- YOMIURI EDITORIAL
- Roki Sasaki’s masterful pitching
Steady development created ‘monster of Reiwa era’
12:35 JST, April 19, 2022
Professional batters had a hard time hitting the ball in play. No one could imagine seeing such spectacle. His pitching continues to be more than spectacular — it’s jaw-dropping.
In a game against the Hokkaido Nippon Ham Fighters on April 17, pitcher Roki Sasaki of the Chiba Lotte Marines was perfect through eight innings, meaning that not a single batter reached base. This came on the heels of his previous start on April 10 against the Orix Buffaloes, throwing the first perfect game in Nippon Professional Baseball in 28 years.
Including his start on April 3, he has now retired 52 batters in a row. How far will his record go? There is no end to the talk about this pitcher.
From his dynamic windup with a high left leg kick, Sasaki throws fastballs over 160 kph. His forkball also travels in the high 140s kph, and batters say, “The ball disappears.” Furthermore, he has excellent control so almost never gives up walks.
In his last two games alone, he has racked up 33 strikeouts. His pitching is from another dimension — there’s no other way to describe it. Not to be overlooked is how well his batterymate, rookie catcher Ko Matsukawa, fresh from high school, has called the games.
Tickets for the game on April 17 were sold out, and commercial TV stations broadcast the game live. “Roki fever” will surely be a catalyst in revitalizing professional baseball, which has been suffering during the novel coronavirus pandemic with games held without spectators or with limited attendance.
The success of Sasaki, who lost his father and grandparents in the Great East Japan Earthquake, should also encourage people in those affected areas.
He attracted attention when he was a student at Iwate prefectural Ofunato High School, with a fastball recorded at 163 kph. In the final of the summer prefectural tournament during his final year when his team was competing to reach the National High School Baseball Championships at Koshien Stadium, his skipper did not put him in the game to avoid Sasaki suffering an injury, a situation that sparked controversy.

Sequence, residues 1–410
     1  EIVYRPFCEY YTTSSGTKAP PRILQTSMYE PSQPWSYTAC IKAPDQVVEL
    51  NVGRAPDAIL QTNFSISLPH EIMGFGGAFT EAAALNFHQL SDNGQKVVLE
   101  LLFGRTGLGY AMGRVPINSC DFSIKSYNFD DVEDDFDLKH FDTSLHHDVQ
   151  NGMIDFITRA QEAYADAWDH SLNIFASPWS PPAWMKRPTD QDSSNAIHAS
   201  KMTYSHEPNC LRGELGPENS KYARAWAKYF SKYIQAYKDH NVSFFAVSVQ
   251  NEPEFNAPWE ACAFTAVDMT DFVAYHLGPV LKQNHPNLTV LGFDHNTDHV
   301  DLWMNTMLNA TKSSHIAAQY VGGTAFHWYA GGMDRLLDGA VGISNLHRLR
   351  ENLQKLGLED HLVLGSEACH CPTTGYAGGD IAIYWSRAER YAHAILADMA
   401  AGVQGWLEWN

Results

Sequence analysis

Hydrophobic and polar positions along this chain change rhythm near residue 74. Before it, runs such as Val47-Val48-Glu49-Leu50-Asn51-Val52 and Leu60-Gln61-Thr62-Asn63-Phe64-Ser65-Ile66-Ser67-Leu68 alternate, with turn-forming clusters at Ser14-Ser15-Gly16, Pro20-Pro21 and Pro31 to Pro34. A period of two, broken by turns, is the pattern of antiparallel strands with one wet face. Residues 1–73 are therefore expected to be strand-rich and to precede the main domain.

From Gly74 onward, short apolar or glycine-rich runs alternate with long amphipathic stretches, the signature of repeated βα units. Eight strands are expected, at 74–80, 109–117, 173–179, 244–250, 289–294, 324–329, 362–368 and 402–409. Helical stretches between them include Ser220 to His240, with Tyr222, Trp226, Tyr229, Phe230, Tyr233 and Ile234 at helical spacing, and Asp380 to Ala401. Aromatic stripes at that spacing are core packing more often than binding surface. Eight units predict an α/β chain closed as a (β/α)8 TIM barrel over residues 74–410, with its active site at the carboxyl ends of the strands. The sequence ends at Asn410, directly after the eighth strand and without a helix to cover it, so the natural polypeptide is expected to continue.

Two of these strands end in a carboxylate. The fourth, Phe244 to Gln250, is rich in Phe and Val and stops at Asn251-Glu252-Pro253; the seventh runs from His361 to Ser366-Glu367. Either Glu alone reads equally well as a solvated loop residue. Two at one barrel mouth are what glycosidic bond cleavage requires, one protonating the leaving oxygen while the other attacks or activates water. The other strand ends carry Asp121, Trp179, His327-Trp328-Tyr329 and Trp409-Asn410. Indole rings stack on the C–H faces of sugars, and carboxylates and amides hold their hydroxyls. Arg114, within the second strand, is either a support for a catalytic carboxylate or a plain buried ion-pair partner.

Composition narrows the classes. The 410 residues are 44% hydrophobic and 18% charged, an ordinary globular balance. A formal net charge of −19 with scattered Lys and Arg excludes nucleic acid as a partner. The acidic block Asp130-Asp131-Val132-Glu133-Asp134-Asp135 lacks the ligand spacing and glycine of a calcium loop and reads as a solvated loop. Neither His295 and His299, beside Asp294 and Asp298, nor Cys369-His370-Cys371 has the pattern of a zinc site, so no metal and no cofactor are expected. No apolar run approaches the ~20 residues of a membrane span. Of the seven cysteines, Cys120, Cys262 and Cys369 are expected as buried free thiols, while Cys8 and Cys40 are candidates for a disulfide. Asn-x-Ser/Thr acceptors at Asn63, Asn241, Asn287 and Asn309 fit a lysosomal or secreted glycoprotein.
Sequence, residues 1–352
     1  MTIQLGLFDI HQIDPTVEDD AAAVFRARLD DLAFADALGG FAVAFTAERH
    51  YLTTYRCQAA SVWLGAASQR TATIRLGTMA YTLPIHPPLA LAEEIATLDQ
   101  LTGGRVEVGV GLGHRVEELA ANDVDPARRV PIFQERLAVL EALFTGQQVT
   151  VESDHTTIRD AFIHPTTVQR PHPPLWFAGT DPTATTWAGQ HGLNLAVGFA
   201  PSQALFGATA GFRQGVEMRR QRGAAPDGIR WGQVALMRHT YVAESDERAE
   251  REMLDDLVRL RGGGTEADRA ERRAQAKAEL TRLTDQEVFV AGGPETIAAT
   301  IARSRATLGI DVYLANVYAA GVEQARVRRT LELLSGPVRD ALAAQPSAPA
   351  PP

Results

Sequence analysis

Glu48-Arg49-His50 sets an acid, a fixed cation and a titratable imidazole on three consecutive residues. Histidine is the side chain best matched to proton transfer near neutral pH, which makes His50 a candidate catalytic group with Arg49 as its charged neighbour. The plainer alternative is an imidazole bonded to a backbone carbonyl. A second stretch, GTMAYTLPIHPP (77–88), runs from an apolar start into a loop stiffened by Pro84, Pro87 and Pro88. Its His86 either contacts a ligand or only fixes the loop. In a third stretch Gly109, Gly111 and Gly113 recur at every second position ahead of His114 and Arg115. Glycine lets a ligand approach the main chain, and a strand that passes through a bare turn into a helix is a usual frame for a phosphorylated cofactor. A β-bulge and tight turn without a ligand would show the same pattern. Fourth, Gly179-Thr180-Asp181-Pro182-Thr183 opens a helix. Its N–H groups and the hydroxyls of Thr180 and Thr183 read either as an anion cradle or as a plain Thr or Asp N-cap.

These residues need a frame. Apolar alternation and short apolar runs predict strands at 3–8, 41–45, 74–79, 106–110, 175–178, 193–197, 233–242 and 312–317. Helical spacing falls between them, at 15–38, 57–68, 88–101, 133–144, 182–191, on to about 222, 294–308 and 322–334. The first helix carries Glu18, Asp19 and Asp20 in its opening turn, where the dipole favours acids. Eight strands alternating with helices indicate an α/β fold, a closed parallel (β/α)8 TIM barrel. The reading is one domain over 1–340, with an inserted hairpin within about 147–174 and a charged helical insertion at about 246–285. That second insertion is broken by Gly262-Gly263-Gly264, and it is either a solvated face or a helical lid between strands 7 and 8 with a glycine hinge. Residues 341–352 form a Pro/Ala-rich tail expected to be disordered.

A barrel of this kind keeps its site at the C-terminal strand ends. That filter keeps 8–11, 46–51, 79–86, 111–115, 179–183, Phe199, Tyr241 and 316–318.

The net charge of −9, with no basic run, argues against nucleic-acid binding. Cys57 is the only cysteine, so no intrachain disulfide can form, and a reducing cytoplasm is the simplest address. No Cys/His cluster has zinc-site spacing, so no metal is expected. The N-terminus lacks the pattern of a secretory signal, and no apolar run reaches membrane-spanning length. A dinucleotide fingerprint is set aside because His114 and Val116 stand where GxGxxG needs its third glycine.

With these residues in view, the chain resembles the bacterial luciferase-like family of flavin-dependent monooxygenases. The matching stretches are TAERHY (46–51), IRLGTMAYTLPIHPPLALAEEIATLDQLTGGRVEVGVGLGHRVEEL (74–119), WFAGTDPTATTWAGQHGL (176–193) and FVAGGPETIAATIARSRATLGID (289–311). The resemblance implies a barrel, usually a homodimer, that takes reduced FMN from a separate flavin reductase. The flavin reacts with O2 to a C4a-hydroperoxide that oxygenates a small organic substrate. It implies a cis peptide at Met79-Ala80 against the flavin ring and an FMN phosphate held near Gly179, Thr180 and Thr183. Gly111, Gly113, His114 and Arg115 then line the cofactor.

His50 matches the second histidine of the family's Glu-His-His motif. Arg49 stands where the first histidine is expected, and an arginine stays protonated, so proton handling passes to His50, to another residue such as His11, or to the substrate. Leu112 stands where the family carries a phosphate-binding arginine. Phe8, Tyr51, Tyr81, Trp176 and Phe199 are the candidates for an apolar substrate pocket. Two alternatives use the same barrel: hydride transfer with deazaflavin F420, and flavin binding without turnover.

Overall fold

In the 2019 NPB draft, Sasaki was picked by four teams in the first round, and Lotte won the lottery to gain the right to negotiate with him. In his first year as a pro, Sasaki did not pitch in any official games as the team sought to avoid putting strain on his developing frame, so he worked steadily to strengthen his body.
His efforts and talent blossomed all at once. The team took its time in nurturing Sasaki, which likely led the “monster of the Reiwa era” to take a tremendous leap forward.
In the April 17 game, Lotte skipper Tadahito Iguchi replaced Sasaki, in the midst of a perfect game, after 102 pitches. After the game, Iguchi said, “Thinking about his future, he was at his limit.”
Many fans must have hoped for a second consecutive perfect game, but it was an understandable decision considering the burden on Sasaki, who is only 20 years old.
In the sports world, talented youngsters continue to emerge. A well-planned approach to training them with an eye on their future will extend their longevity and, in turn, help them live up to the expectations of fans and people around them.
(From The Yomiuri Shimbun, April 19, 2022)
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